It’s said that people love surprises, but when they come in the form of medical bills, American consumers beg to differ. More than half have gotten a surprise medical bill, according to the National Opinion Research Center at the University of Chicago, and more than half of those surveyed blame the insurance carrier.
While occurrences of surprise medical bills flew mostly under the radar for a long time, as high healthcare cost discussions retain center stage, the topic is being widely discussed. It seems to be something that both political parties can agree upon.
Most people with health insurance know that they need to check with a provider before using said provider to make sure that healthcare professional is in-network. That’s all well and good, except for those times when they’re incapacitated, as in an emergent situation, and they need care fast, at the closest facility able to receive the care that is needed. Maybe they can’t talk and maybe they have no one with them to advocate; a typical recipe for a surprise medical bill.
Another recipe for a big bill: ending up in a facility that is in network, but having a provider care for them who isn’t, a situation that befalls many Americans each year. Of course, it would be ideal if the facility or provider would say, “I’m not in your network,” but at that point, what can a patient really do?
We’re Afraid: Very Afraid
The Kaiser Family Foundation says that two-thirds of us are “very” or “somewhat” worried about unexpected or surprise medical bills. They occur because of a difference in cost-sharing levels between in-network and out-of-network charges. And they happen when out-of-network providers, who aren’t bound by contracts, bill patients directly for additional charges.
The foundation shares that the majority of bills aren’t that big, below the $500 mark, but we’ve all heard the horror stories of exorbitant bills that threaten to bankrupt the unsuspecting patient.
Approximately one in five emergency room visits result in a surprise bill. Sometimes patients can negotiate bills much lower and sometimes not. And the process can require hours and hours of time.
As Kiplinger advises patients and the medical community can at large, it’s smart to ask if everyone involved in a procedure is in network. Consumers are advised to check out state protections, since some states don’t allow surprise billing. They should never pay that bill before calling both insurer and provider to ask “Why”? and then should ask for itemization. Then, when all else fails, as it frequently does, they should appeal, via the state insurance department’s consumer services or healthcare advocate.
Sometimes even that can’t solve the problem.
Lawmakers Take Action
If it all sounds hopeless for the unfortunate patient, in reality, it often is. President Donald Trump spoke on May 9, 2019, along with a patient who was billed $110,000, even with insurance.
“So this must end,” he said then. “We’re going to hold insurance companies and hospitals totally accountable.”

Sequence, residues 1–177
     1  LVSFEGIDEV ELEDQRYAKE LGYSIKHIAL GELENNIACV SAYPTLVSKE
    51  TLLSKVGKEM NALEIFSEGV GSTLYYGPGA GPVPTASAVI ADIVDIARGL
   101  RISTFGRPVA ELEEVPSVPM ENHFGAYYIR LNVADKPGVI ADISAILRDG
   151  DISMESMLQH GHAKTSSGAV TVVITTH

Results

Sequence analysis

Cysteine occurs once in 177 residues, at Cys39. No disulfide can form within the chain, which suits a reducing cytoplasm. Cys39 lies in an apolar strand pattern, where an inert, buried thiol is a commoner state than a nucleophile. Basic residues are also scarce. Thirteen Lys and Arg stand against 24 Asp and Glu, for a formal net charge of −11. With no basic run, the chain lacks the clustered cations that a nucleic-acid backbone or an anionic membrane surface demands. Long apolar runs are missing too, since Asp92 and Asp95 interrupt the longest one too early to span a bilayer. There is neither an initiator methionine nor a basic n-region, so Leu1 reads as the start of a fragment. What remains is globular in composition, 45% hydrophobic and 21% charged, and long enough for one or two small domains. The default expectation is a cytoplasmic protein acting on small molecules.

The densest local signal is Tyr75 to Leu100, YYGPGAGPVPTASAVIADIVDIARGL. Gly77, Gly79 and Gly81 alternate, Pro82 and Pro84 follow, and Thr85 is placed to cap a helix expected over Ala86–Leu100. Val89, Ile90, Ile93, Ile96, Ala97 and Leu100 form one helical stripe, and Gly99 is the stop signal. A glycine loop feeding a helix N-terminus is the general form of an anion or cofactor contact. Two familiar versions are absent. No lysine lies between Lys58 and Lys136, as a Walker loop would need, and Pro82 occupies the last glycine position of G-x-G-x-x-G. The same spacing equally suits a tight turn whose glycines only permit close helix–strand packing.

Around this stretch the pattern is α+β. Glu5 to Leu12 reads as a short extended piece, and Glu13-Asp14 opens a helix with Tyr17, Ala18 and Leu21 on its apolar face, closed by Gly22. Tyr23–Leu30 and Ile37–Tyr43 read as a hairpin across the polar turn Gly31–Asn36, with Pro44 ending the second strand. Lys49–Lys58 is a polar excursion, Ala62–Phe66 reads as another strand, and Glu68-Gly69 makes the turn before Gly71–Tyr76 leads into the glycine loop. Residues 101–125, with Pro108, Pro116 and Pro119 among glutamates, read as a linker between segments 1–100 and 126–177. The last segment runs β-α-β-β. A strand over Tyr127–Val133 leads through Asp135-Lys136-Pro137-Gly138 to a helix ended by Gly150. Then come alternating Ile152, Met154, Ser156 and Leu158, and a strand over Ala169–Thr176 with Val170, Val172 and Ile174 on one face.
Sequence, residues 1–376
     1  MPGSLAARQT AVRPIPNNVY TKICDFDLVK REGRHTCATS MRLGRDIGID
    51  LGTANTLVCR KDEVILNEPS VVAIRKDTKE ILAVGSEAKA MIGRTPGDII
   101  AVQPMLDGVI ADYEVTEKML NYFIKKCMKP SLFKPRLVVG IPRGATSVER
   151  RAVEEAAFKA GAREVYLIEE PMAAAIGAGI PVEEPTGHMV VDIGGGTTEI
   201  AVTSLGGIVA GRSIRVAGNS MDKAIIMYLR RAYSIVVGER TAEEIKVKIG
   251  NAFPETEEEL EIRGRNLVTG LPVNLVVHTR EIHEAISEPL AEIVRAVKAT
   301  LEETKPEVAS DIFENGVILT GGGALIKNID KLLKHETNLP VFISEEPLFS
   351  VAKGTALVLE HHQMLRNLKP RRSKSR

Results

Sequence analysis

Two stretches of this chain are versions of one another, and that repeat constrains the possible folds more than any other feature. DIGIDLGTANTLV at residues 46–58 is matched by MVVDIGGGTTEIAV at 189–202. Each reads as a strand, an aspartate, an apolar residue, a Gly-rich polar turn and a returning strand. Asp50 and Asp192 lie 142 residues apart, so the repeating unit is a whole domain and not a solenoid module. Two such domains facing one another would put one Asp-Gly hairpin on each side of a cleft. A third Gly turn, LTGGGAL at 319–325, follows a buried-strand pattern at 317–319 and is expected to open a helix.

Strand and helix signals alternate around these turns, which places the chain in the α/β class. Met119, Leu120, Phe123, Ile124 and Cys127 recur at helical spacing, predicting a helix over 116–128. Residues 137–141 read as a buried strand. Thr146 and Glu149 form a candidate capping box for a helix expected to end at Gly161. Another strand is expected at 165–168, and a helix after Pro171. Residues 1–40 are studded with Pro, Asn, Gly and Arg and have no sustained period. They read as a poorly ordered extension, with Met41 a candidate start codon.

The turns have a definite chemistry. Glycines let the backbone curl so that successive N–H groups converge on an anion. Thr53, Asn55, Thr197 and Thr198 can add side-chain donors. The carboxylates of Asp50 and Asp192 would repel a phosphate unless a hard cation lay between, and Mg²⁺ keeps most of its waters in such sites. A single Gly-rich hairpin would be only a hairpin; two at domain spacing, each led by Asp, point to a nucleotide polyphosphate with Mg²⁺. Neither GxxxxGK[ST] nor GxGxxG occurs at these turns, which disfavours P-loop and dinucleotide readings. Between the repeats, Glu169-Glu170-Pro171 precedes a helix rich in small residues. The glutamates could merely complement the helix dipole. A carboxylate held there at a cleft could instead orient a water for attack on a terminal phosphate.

On July 17, 2019, the House Energy and Commerce Committee passed an amendment to H.R. 3630, the No Surprises Act. The legislation contains a third-party arbitration clause and will make its way to the House for its next review. It was introduced in mid-May as a discussion draft.
Both providers and payers have an opportunity for independent arbitration specifically, says Healthcare Dive, which reported the action early. They can do that, according to the amendment, when the median in-network rate is more than $1,250, a change from previous wording that specified a benchmark payment rate if disputes arose. That term, benchmark, is defined as the maximum amount per member per month that the Centers for Medicare and Medicaid Services will pay a Medicare Advantage organization that delivers traditional Medicare benefits.
We Have Choices
Other things are happening, and they’re not just wishful thinking. The Senate introduced S.1531, Stopping the Outrageous Practice of Surprise Medical Bills Act of 2019 on May 16. It’s with the Committee on Health, Education, Labor, and Pensions.
Lower Health Care Costs Act of 2019, S.1895, that debuted on June 19 includes language about precarious air ambulance bills. Its currently resting on the Senate Legislative calendar and also contains language about keeping costs transparent and tackling the equally hot topic of too-high drug pricing.
There’s also H.R. 861, End Surprise Billing Act of 2019; S. 1266, Protecting Patients from Surprise Bills Act; H.R. 3502, Protecting People from Surprise Bills Medical Act; and H.R. 3784, To amend title XXVII of the Public Health Service Act and title XI of the Social Security Act to prohibit surprise billing with respect to air ambulance services, just introduced on July 16.
Some For, Some Against
The issue is made more complex by the fact that states may do things differently in terms of resolving differences between provider claims and insurer reimbursement. As Yahoo! Finance reports, New York and Connecticut utilize independent reviews that cite a database as the benchmark, while New Jersey uses arbitration. And at the root of this, there are no federal regulations — but that is about to change.
As expected, opponent and proponents have voiced their opinions about the No Surprises Act. The American Hospital Association says it supports arbitration, America’s Health Insurance Plans says “no” and The ERISA Industry Committee (ERIC) cites “government-mandated baseball-style arbitration in this legislation,” and no longer supports the act.
With so many wheels spinning around such a complex topic, one could wonder how long it will take to get through all the layers to bipartisan legislation that gets the job done. Yes, there’s a lot of noise around surprise medical bills, but for the American consumer, it certainly beats the sound of crickets.